Packaging: Reducing packaging waste - review of rules

1 August 2020

About Us

Intergraf is the European federation for print and digital communication. We represent 21 national printing federations from 20 countries, and, in turn, our members represent a large portion of the printing industry in Europe. Intergraf shares its secretariat with FTA Europe, which represents the flexo printing industry. Flexo is the single largest technology used for printed packaging.

  • The printing industry (EU + UK) consists of over 110,000 companies and 600,000 employees.
  • Printers have a turnover of €160 billion from printed packaging as well as graphic print such as books, newspapers and advertising.
  • 95% of the industry are SMEs, employing fewer than 20 employees – often fewer than 10.



Printers are at the heart of the packaging value chain. We bring together all the components which are required to make the resulting packaging.

Printers are also highly active in the circular economy, utilising recycled materials in our products, and deploying innovative printing processes and chemicals to reduce environmental impact.

Intergraf supports harmonised packaging requirements at EU level and the ambition to reduce the environmental impact of waste. We therefore welcome the European Commission’s review of rules for packaging and packaging waste in the EU. We urge the European Commission to pay particular attention to the following points:

  • Although packaging design and industry is an important part of the process, it is one part of a chain of actions required to reduce the environmental impact of packaging. The best designed, environmentally friendly packaging still needs the consumer to dispose of it correctly, and the recycling plant to process it. Therefore, structural issues with the waste system must be prioritised over new design requirements.
  • Packaging functionality is essential. No single material should be singled out as less environmentally friendly than others. All materials used for packaging are selected on the basis of how well they will protect the product. Analysis of the complete picture as well as scientific evidence is required to evaluate the environmental footprint of packaging: from the processes which make it, to transport, to consumption and recycling.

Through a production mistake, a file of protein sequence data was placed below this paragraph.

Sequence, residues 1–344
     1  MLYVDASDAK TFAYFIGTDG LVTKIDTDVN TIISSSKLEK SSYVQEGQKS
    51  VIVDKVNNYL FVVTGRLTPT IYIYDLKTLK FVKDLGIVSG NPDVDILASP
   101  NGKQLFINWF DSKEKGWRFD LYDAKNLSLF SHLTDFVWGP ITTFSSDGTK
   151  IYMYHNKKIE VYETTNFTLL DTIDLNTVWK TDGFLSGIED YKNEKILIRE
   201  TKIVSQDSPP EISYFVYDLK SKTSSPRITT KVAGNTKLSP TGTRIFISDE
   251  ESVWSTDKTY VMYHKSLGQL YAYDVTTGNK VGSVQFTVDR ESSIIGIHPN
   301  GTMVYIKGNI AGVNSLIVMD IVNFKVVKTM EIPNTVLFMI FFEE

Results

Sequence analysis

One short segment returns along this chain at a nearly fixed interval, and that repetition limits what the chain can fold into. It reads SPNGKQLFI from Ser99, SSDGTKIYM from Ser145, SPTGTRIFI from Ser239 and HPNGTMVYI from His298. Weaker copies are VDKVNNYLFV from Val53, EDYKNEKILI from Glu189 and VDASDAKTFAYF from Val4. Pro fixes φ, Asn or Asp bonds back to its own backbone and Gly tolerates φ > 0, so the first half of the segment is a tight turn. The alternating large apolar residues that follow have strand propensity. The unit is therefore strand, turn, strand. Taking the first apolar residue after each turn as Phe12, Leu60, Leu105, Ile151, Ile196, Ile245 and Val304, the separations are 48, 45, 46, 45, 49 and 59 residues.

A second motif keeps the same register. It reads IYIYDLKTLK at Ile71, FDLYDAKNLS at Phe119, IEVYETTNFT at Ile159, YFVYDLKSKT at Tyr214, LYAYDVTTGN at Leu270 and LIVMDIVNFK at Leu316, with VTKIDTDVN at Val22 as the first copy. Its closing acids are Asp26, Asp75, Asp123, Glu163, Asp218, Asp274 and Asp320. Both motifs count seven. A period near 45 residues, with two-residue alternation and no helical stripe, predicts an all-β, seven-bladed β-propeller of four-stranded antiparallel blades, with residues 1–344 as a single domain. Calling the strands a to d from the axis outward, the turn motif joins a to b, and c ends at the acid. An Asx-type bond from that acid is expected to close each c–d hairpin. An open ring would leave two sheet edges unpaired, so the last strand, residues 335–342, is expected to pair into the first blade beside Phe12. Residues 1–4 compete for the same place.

• Any future changes to the PPWD must be developed in close collaboration with both producers and recycling authorities to ensure a coherent and industry-led solution with high levels of compliance and achievement of environmental aims.
  • Evidence related to assumptions and terms like “over-packaging”, “single-use”, or the degree to which packaging is recycled must be carefully assessed and clarified. Packaging protects the product, prolongs shelf life, and reduces food waste – which all contribute to environmental goals.
  • Food waste, food safety, and packaging are closely interlinked issues. The review of the PPWD therefore should be carried out in parallel to, and in harmony with, the European Commission’s review of legislation applicable to food contact materials.
  • A key target for the European Commission should be to stimulate a competitive market for all recycled materials to make high quality materials readily available for printers.
  • Harmonised European legislation on packaging and waste is crucial to solve European-wide issues and to coordinate an industry that crosses borders. The European Commission must preserve the integrity of the Single Market and intervene in the numerous national measures that could pose obstacles to the free trade of packaging within the EU.

We remain at your disposal for further information and look forward to working with the European Commission in the next steps of this process.


Download the position paper here


Contact: Annie Scanlan